Toxic blogs are been used to distribute malware and keyloggers, censorware firm Websense warns. Websense Security Labs said it has discovered "hundreds of instances" of blogs involved in the storage and delivery of harmful code this year. Anti-virus firms question why Websense has singled out blogs as a particular security risk but Websense does come up with at least one concrete example of the trick having been used in anger.
According to Websense, blogs can be attractive vehicles for hackers for several reasons — blogs offer large amounts of free storage, they rarely require any identity authentication to post information, and most blog hosting facilities do not provide antivirus protection for posted files.
In some cases, the culprits create a blog on a legitimate host site, post viral code or keylogging software to the page, and attract traffic to the toxic blog by sending a link through spam email or instant messaging (IM) to potential victims. Alternatively the blog can be used as a storage location from which PCs infected with Trojans "phone home" to get updated attack code.
For example, Websense Security issued an alert in late March detailing a spoofed email message that attempted to redirect users to a malicious blog that would run a Trojan horse designed to steal banking passwords. Targets received a message spoofed IM message, offering a new version of MSN Messenger. Upon clicking the link, the user was redirected to a blog page, which was hosting a password-stealing keylogger called bancos.ju.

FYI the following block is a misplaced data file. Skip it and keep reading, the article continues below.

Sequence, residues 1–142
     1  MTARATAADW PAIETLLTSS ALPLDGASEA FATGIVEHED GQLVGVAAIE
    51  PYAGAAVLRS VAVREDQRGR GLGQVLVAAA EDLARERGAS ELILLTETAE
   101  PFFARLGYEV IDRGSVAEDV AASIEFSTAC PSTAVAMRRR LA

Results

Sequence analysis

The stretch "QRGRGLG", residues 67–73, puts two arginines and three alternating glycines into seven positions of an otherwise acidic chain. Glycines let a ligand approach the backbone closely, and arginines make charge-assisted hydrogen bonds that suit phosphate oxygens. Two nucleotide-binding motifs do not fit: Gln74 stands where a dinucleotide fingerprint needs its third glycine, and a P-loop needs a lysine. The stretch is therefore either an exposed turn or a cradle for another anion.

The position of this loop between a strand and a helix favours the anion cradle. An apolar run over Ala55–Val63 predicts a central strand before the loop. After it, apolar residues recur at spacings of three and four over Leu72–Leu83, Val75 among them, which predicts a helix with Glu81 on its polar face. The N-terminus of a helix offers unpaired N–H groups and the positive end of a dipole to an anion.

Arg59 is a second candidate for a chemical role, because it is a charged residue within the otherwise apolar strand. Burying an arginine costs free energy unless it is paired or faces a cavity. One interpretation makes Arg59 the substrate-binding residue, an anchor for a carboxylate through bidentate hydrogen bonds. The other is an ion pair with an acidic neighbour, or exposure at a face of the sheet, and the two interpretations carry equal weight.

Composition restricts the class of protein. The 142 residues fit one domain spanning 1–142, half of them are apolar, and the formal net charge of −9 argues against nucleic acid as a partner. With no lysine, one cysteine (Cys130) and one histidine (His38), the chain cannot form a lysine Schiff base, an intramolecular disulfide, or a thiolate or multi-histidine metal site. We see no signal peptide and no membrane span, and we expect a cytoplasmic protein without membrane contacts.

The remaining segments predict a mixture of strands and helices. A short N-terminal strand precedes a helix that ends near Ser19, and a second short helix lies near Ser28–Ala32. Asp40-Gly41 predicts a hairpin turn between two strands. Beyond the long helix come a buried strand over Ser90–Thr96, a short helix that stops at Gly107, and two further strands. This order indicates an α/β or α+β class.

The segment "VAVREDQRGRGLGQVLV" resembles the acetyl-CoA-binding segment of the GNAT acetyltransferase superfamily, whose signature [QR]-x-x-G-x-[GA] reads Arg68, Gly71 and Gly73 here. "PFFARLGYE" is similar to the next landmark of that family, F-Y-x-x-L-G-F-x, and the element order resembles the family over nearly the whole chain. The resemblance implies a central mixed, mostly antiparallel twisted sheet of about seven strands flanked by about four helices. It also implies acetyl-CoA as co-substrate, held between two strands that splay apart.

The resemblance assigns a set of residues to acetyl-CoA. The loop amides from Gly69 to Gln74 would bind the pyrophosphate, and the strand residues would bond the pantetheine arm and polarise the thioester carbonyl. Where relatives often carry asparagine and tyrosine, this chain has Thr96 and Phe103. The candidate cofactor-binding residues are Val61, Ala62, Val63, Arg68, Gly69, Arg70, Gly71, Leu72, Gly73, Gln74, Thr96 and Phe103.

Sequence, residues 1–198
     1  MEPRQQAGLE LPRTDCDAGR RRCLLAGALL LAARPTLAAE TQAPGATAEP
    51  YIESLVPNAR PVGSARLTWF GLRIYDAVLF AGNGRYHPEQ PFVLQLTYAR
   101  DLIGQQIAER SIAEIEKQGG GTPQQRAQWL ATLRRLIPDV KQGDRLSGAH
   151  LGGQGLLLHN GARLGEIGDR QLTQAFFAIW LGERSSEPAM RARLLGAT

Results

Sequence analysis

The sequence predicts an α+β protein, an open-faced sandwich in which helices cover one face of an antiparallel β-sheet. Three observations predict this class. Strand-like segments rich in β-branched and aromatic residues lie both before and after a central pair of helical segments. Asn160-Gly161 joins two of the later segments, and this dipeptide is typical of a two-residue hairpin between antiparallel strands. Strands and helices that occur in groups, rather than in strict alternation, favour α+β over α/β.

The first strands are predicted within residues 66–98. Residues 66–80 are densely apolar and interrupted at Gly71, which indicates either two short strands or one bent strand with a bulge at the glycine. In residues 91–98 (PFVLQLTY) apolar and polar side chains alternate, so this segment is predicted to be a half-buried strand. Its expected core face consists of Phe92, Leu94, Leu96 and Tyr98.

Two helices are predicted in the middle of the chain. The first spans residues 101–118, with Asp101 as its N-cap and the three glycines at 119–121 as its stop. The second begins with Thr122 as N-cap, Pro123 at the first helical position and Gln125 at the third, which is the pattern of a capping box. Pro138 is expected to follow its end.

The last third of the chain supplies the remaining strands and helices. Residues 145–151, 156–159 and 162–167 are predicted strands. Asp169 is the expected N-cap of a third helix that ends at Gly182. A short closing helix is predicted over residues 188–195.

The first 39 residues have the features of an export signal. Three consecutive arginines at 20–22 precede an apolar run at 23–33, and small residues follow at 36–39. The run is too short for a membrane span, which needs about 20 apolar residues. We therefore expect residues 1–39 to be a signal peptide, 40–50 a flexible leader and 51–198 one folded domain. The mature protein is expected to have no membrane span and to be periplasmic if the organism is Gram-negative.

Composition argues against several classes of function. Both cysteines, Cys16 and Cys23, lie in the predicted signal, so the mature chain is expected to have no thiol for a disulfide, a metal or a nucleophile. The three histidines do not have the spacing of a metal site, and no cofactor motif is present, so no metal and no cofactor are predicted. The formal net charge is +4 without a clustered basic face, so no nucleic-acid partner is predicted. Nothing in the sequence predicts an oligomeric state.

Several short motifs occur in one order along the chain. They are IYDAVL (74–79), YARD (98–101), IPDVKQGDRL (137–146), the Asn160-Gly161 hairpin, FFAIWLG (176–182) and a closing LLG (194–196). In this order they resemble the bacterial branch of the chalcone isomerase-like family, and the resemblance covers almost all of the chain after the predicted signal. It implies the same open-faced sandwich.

"These aren’t the kind of blog websites that someone would stumble upon and infect their machine accidentally. The success of these attacks relies upon a certain level of social engineering to persuade the individual to click on the link," said Dan Hubbard, senior director of security and technology research for Websense. The firm says the risk from corrupt blogs is another good reason for firms to deploy layered security defences, such as its own Web Security Suite—Lockdown Edition.
Pete Simpson, ThreatLab Manager at security firm CLEARSWIFT, and maintainer of an IT security web log, questioned why Websense has singled out corrupted blogs as a particular security risk. "A web page is just a web page. If they were talking about spreading malware via RSS feeds I'd be more concerned," he said.
Graham Cluley, senior technology consultant for Sophos, commented that the risk Websense highlights only applies to blogs that allow code to be posted as comment. Neither CLERASWIFT nor Sophos has noted the tactic as a common attack vector though both say the use of corrupt blogs to spread malware is a possibility. ®